Pentecost 27 Sunday
“Two others, criminals, were also led away to be killed with him. And when they came to the place called Place of the Skull, they crucified him there and the criminals with him, one on his right and one on his left. Jesus, however, said, Father, forgive them; for they do not know what they do. And they divided his clothes by casting the lot.”
Since the history of Christ’s suffering is so exceedingly rich that we cannot do it justice in a day or a week, we today want to stick to these two aspects and talk about Christ’s prayer on the cross for his enemies and about the example of the good robber. For we are not only to look to the works done by the Man; we are also to listen to the words he preaches. For his words explain his doing and suffering, stating why he is there and what he does there. For above all things let this
suffering be distinguished from the suffering of all other people. This is so not only because of the person–Jesus Christ is the eternal God by whom heaven and earth were created and all things were made–but also because of the reason for his suffering and because of the benefit or fruit flowing from such suffering, as no other suffering can produce such fruit. For as you have heard, he does not suffer for his own sake, but for our sake, so that we are thereby freed and liberated from sin and death. Such we see here as well in his words which every Christian should justly note and store in his heart as the greatest treasure and comfort. For Luke says: When Christ had been nailed to the cross, and the criminals with him, he said, “Father, forgive them, for they do not know what they do.” These are brief, but very comforting words. For we must consider that Christ, as he hangs in the air on the cross, is in his true priestly office and carries out his task for which he came to earth, even by this prayer. For this is why he came, as he says in John 17:19, “to sanctify himself” for us, so that we would be rightly “sanctified in the truth.” In John 10:12 he said that he “gives his life for the sheep.” And you can find many other verses like these. They all testify that his suffering is to be called suffering for us, not for himself or for his sake. Such work and sacrifice he carries out there on the cross in such earnestness, that he even asks that his Father would forgive those who crucify him, not punishing but remitting their sins, so that everybody might see the reason for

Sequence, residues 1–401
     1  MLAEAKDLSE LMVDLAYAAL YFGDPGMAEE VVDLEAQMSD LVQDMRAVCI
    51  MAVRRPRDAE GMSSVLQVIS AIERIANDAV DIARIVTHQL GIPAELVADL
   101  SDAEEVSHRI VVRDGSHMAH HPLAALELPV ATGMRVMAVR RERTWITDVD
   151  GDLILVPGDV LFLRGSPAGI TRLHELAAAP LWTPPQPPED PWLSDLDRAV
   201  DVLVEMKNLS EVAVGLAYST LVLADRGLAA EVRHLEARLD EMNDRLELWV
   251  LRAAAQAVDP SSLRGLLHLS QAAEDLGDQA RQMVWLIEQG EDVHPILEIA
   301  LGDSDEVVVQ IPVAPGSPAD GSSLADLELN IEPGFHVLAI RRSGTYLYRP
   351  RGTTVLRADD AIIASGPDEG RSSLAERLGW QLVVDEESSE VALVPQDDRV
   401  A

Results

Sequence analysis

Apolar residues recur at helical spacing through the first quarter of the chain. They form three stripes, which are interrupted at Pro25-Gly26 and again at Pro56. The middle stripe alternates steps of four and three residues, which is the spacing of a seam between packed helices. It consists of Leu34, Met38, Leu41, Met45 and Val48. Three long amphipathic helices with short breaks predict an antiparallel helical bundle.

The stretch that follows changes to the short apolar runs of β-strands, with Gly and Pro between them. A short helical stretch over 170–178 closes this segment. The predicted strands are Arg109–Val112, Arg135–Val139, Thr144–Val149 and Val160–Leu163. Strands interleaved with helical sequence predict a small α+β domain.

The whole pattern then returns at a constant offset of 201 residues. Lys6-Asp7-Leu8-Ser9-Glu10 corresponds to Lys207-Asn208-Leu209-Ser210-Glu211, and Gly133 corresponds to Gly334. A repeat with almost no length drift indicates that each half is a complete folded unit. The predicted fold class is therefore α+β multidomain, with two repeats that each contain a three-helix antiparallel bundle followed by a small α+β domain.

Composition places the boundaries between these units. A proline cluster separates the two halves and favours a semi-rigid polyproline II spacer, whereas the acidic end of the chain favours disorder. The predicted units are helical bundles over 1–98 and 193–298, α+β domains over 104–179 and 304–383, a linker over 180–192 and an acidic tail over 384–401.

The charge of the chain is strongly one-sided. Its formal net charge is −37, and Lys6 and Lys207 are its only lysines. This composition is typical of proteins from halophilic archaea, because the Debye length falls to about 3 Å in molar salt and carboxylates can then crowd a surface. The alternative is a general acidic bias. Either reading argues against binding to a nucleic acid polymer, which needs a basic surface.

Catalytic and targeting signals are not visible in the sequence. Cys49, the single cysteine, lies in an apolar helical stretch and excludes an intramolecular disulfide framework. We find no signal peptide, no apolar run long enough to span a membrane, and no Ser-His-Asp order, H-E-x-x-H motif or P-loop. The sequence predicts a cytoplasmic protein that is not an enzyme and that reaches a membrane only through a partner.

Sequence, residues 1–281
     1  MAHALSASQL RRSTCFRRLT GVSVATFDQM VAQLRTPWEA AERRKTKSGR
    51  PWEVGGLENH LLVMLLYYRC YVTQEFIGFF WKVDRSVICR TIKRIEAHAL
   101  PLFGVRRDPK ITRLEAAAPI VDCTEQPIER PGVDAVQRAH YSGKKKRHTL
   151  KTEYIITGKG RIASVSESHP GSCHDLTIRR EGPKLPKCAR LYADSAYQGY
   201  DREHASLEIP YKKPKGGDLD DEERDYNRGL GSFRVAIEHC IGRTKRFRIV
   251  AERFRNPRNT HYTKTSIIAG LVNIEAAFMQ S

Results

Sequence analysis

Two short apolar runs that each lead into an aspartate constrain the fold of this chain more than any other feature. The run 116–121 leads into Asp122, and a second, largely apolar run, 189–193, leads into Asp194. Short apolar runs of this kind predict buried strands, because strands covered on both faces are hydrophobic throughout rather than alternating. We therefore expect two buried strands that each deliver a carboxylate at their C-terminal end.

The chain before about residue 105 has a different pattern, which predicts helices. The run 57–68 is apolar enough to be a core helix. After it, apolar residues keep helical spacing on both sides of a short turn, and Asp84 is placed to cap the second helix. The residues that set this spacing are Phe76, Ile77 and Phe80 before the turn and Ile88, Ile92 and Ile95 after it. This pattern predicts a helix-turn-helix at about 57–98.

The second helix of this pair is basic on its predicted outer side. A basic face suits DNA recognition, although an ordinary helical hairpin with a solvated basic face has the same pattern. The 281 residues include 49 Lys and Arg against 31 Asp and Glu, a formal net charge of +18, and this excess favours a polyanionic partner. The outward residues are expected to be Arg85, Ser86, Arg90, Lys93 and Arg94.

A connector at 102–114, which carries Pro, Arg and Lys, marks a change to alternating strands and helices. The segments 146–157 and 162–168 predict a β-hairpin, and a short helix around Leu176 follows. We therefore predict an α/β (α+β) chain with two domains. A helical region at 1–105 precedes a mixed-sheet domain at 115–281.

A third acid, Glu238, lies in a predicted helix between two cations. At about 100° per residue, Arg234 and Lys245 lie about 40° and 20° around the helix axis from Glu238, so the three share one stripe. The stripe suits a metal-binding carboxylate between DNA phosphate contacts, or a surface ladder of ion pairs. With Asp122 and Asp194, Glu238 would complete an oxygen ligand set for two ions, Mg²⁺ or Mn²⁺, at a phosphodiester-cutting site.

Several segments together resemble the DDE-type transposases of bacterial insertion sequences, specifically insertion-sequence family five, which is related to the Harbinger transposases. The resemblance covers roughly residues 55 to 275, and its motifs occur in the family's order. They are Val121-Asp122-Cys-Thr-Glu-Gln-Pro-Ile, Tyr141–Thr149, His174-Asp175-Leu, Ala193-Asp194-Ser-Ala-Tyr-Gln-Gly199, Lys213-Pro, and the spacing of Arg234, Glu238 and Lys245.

which he came to the cross and draw comfort from it. This, then, is the true priestly finery of our dear Lord Christ: He not only suffers, but also prays for the sinners. Aaron in the law of Moses also had his priestly finery; it was finery for splendor. But this Priest’s finery is that he hangs there naked. Still, he carries out the priestly office most excellently and most diligently by praying also for his enemies.